This movie is fair in acting and plot, but for 1993 it did take some good thinking to predict what natural disasters would be hitting the US in the next 20 years. I enjoy watching my old tape because of this, even if the movie is mediocre. Here are some of the more interesting plot lines: The year is 2005, and the plot follows a family on the gulf coast, before and after the aftermath of a category 5 hurricane. Previous to the hurricane, it is evident that there is a gas crisis, and fuel prices are so high that rationing has become the norm. There is some very interesting dialog between townsfolk and officials that claim the levees are up to par when the townsfolk know they are not. Needless to say the hurricane devastates the region. The family is forced to migrate north, and in the midst of this the father has to travel to California to find his son who is staying with the uncle. In California, water shortages are everywhere, and over 300 hundred fires are ravaging the state (which is happening now in northern Ca and last year happened with less fires in the southern Ca). The boy and his father have a falling out which leads the boy out to the southwest into water feuds and the immigration problems from Mexico. The mighty Colorado has dried up to a stream because of the over-contracting of water supplies to southern California. The plot then changes to more socio-political aspects of a non growth "green" town in New York state, and how the family will get across the border to Canada because the problems of the US has led them to close the borders much as we have between the US and Mexico.
I didn't see the original airing of this mini series but watched later about 3 years ago on USA. Seemed prophetic then and even more so now with huge fires here in SouthWest and Katrina in NOLA. I live in Arizona so I can speak more to the drought of SW. I had a 275,000 acre fire come within about 6 miles of me. Just a few days ago we had 20 fires start up in one day. I live in N central AZ and we have had less than an inch of rain from Oct of 2005 to mid July, date of this comment. Yes we have weather cycles but there are too many bad cycles all at once all over, I am from Maine originally and winters up there since I was a kid, have generally gotten warmer and less snow. this mini series is eerily coming true. I enjoyed it, lots of food for thought,acting is not great but adequate and suffice to keep you hooked. I was probably kept on board too by references to Acadia and Evangeline as my ancestors were Acadian and story of Evangeline has been in my heart since my childhood. I say watch it for first time and if you have seen it before get a refresher.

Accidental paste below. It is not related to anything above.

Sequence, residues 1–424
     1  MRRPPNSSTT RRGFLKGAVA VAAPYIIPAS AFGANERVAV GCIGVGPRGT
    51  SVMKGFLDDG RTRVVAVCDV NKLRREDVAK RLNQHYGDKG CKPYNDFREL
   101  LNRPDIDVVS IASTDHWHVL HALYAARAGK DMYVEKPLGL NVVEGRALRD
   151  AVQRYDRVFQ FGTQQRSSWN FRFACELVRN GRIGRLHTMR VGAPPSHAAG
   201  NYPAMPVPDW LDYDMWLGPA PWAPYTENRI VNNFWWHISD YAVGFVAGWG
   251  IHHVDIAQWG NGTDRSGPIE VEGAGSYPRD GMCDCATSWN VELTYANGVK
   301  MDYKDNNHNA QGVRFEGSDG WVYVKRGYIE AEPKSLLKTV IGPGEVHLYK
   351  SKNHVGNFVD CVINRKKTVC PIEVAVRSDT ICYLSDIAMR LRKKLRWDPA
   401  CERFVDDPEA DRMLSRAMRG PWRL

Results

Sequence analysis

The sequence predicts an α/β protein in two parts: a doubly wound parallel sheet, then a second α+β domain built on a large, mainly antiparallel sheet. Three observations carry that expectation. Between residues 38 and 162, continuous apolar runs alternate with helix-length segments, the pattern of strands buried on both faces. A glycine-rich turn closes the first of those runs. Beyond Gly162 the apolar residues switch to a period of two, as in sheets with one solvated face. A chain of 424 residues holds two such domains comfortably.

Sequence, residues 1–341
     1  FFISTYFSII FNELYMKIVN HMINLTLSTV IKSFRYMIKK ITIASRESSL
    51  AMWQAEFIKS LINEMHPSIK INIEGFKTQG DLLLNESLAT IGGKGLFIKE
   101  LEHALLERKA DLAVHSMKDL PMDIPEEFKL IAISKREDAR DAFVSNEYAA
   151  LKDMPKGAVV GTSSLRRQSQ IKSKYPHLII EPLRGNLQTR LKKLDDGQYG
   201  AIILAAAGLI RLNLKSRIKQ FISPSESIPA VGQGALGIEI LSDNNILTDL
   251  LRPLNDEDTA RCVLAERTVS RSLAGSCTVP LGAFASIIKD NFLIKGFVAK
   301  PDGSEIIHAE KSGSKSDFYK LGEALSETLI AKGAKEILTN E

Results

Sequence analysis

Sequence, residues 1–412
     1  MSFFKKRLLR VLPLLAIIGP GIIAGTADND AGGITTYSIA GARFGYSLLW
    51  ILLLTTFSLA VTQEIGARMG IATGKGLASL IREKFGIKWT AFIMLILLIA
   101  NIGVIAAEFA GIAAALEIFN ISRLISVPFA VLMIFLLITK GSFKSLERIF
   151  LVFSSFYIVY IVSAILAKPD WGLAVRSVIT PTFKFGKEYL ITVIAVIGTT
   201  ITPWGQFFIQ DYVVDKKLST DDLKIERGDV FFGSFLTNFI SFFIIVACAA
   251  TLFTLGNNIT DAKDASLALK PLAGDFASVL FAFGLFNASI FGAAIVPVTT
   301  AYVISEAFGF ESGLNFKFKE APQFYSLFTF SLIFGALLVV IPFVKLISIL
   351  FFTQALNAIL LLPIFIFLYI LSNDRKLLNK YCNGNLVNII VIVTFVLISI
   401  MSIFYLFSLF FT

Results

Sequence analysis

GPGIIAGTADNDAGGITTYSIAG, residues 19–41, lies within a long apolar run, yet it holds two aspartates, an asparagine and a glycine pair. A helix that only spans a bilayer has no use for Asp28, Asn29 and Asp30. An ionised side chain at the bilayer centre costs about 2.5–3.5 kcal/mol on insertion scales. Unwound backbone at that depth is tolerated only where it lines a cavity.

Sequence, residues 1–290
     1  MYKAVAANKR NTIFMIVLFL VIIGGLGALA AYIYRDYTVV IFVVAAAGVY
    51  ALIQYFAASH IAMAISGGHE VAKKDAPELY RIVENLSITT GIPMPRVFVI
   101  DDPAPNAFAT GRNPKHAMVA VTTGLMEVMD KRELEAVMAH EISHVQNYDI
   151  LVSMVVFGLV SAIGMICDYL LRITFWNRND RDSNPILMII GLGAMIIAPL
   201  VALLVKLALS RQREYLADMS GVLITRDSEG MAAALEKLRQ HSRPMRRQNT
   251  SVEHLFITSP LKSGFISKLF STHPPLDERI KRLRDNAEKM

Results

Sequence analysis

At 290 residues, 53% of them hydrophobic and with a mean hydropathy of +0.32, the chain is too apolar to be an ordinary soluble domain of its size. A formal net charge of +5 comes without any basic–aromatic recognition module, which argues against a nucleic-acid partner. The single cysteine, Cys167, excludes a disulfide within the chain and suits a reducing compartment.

When this was first televised as a two part mini-series I watched the
first night and opted out for the 2nd. Now, after renting it from
Portland's finest (and the country's finest, if truth be told) video
store MOVIE MADNESS and watching the entire four hours I can safely say
that buried inside the 240 minute mammoth of overcooked plotting and
sweaty melodramatics is a fine 90 minute movie.
Craig T Nelson is a hell of a good actor and that's the trouble: he plays a completely unlikable character to irritatingly well effect. There is no one to root for: Nelson's character is a selfish pig from the get-go and he never gets much smarter or nicer. I realize that its not his fault--the script makes everyone a symbol and he has to stand for The Guilty Short-Sighted Consumer of All The World's Goodies....other actors are saddled with equally heavy burdens to carry.